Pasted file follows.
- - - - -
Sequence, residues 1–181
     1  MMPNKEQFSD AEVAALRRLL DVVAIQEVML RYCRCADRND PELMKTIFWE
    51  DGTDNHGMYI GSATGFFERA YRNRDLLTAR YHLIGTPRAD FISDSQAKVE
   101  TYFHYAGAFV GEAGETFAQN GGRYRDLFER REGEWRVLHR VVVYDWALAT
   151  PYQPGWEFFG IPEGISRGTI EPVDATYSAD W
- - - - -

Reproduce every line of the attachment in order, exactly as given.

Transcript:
Sequence, residues 1–181
     1  MMPNKEQFSD AEVAALRRLL DVVAIQEVML RYCRCADRND PELMKTIFWE
    51  DGTDNHGMYI GSATGFFERA YRNRDLLTAR YHLIGTPRAD FISDSQAKVE
   101  TYFHYAGAFV GEAGETFAQN GGRYRDLFER REGEWRVLHR VVVYDWALAT
   151  PYQPGWEFFG IPEGISRGTI EPVDATYSAD W